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One of the joys of living in southern Arizona is getting to see the saguaro cacti. I can see them all around town and there are large “forests” of them in the Sonoran Desert.
So following my retweet of the saguaros being cut down, it occurs to me that the extraordinary nature of the saguaro may not be common knowledge. Therefore, let us talk about this marvelous vegetative creature.
There’s a fairytale quality to the origin of this cactus. They sound more like how you make a unicorn or a cockatrice than a plant. “Born from an egg laid by a rooster under the Dog Star and incubated by a serpent.” “Sprung from the drops of blood from a martyred saint.”
Well, the saguaro fruit must be eaten by a coyote or a cactus wren and deposited in the shade of an ironwood to nurse. No, really.
Mesquite or palo verde will also work, but the cactus requires a nurse tree. The seeds can be eaten by a coyote, but a dove or a quail will digest them instead of passing them whole.
In the event the proper animal ate them and pooped in the proper nurse tree, it will take a decade for the saguaro to grow more than two inches tall.
Between 50-100 years, the first arm appears. It will likely flower before this, in its thirties. The flowers must be pollinated, probably by bats.
By this point, it will have outlived its nurse (and probably outcompeted it.) Those cactus with dozens of arms? OLD.
The cactus is not considered an adult until it is over a hundred years old. It can live to be two hundred, with luck.
To get away from the cold facts for a minute...saguaros, if you live around them, are, uh...Not just plants. There’s stuff going on there. People stuff. Saguaros have souls.
I realize I romanticize plants all the time, so you can feel free to dismiss this as my usual bullshit, but saguaros are...yeah. Okay, you ever met a tree that you thought was big and old and maybe like a person? The whole species is like that. Saguaros are special.
Giant redwoods are a little too obviously gods, any fool can see it, but saguaros are something else.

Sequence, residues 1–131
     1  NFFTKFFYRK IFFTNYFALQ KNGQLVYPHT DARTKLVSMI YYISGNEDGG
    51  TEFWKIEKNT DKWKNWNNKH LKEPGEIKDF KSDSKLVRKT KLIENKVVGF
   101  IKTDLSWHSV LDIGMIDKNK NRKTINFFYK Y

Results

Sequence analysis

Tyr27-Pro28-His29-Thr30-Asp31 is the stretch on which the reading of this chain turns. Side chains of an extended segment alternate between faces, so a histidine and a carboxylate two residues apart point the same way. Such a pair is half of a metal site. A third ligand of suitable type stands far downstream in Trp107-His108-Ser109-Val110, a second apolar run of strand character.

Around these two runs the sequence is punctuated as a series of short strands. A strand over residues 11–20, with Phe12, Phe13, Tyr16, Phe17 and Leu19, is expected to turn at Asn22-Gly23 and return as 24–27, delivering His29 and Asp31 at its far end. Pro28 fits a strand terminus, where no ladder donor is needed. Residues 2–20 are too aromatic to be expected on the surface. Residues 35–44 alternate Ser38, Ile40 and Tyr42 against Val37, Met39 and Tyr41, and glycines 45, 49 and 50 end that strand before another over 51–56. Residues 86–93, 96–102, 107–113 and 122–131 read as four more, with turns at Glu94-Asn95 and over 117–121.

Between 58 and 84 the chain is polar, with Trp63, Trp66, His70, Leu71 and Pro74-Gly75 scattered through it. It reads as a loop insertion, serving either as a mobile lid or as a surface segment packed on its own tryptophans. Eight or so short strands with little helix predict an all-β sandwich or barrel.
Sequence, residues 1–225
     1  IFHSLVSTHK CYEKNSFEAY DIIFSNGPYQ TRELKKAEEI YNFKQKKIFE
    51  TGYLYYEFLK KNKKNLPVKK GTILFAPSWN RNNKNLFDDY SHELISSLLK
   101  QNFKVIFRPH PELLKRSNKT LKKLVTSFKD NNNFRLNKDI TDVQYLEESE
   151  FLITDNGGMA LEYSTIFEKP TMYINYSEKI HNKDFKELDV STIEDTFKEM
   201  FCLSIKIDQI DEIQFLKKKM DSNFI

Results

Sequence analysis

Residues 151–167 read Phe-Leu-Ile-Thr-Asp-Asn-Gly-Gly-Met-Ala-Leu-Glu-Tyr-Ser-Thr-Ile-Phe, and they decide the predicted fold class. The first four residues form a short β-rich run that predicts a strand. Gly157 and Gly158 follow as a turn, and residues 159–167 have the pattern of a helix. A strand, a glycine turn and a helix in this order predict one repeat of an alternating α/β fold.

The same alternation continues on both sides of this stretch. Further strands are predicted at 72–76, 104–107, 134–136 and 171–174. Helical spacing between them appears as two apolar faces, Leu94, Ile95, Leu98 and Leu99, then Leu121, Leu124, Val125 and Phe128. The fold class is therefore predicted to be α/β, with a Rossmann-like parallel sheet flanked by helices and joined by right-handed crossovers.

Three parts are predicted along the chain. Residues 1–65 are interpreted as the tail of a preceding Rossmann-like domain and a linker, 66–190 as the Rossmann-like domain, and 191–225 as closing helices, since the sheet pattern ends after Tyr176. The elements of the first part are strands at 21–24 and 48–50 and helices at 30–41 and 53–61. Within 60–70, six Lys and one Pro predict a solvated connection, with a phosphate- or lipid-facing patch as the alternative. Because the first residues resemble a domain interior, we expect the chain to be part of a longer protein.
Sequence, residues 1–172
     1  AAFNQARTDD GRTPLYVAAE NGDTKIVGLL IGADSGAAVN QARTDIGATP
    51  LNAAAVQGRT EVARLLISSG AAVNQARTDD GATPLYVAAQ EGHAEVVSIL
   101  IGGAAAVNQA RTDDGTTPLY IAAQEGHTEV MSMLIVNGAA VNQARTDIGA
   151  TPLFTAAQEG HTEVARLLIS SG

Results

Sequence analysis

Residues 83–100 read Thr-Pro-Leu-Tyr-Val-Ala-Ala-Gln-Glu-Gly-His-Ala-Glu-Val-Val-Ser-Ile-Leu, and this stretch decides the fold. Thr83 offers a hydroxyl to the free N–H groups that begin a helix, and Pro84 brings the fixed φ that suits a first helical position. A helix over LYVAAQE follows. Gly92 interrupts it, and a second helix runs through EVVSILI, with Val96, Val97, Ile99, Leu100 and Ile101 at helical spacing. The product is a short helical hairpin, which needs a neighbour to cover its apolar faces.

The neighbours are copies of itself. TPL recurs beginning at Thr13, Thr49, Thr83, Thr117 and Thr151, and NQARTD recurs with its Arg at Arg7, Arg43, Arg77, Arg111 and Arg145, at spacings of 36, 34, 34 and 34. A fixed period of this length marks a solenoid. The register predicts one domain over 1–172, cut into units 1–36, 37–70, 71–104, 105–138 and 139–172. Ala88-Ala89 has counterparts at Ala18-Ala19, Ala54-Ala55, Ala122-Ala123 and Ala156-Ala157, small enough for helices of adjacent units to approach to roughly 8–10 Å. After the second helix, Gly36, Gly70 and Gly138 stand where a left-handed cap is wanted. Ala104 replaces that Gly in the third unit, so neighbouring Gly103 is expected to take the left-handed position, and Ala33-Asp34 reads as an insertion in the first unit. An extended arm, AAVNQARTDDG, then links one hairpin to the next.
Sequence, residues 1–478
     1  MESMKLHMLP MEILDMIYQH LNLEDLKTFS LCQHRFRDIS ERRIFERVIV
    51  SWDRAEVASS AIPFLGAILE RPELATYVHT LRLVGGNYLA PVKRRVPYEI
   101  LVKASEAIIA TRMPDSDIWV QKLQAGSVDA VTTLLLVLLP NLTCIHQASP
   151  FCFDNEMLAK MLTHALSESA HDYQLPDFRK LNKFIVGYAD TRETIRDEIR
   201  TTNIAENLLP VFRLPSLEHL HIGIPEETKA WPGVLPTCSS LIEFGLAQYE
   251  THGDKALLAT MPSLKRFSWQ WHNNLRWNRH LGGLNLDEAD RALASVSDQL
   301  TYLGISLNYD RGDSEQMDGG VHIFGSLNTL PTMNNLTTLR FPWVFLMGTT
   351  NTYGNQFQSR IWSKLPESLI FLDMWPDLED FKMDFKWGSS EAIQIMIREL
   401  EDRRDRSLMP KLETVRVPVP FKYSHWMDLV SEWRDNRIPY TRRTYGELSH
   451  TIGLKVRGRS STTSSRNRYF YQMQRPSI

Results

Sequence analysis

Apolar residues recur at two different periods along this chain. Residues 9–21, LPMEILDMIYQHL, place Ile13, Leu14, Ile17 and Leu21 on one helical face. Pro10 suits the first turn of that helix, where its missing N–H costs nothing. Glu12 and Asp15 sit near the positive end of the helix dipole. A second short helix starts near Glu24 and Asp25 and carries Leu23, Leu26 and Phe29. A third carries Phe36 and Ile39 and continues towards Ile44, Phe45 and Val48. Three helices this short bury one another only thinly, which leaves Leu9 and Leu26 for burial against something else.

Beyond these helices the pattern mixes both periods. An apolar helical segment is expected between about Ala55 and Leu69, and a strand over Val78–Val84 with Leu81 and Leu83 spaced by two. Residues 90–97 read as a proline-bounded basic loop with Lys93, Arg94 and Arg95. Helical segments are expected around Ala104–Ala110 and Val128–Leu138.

Anyway. It is worth noting that even if you dismiss my half-baked garden faith, saguaros are the pinnacle of a web of ecosystem arrangements. Three other species, minimum, are required to make a saguaro. Wren, ironwood, bat. Or coyote, mesquite, hummingbird. But three minimum.
This is why they’re so ultimately fragile. They rely on the others to even exist. They are a group effort! But they do repay it. Dozens of species live in them, on them, and by them.
Woodpeckers dig holes, elf owls live in the holes, hawks nest on top, everybody eats the fruit.
They are the nexus of the web. They’re special. Natives in the area have very respectful terms for them, though I do not know enough to give you any details. They’re one of the great goods of the world,and cutting them down is a cruel thing.
Well, no, one more thing. I joke sometimes that when I die, the primary witnesses for the defense will be all the turtles I helped across the road. I’m pretty sure if a saguaro spoke up for someone, they’d halt the proceedings and send you on your way at once.
And hey—we get down on humanity sometimes, we really do, and that border wall is an abomination, but the people of Arizona made laws to protect saguaros. Imperfect, flawed, but by god, they recognized and they’re trying. Credit where due.
Lily Altavena, writing for the Arizona Republic.
As police departments and corporations face public reckonings over systemic racism, schools, too, are confronting accusations of racism from current and former students and parents.
The Republic revisited more than a dozen racist incidents reported at metro Phoenix schools since 2016: Those incidents ranged from basketball spectators directing monkey noises at a Black player to students repeating the n-word over and over again in videos posted to social media.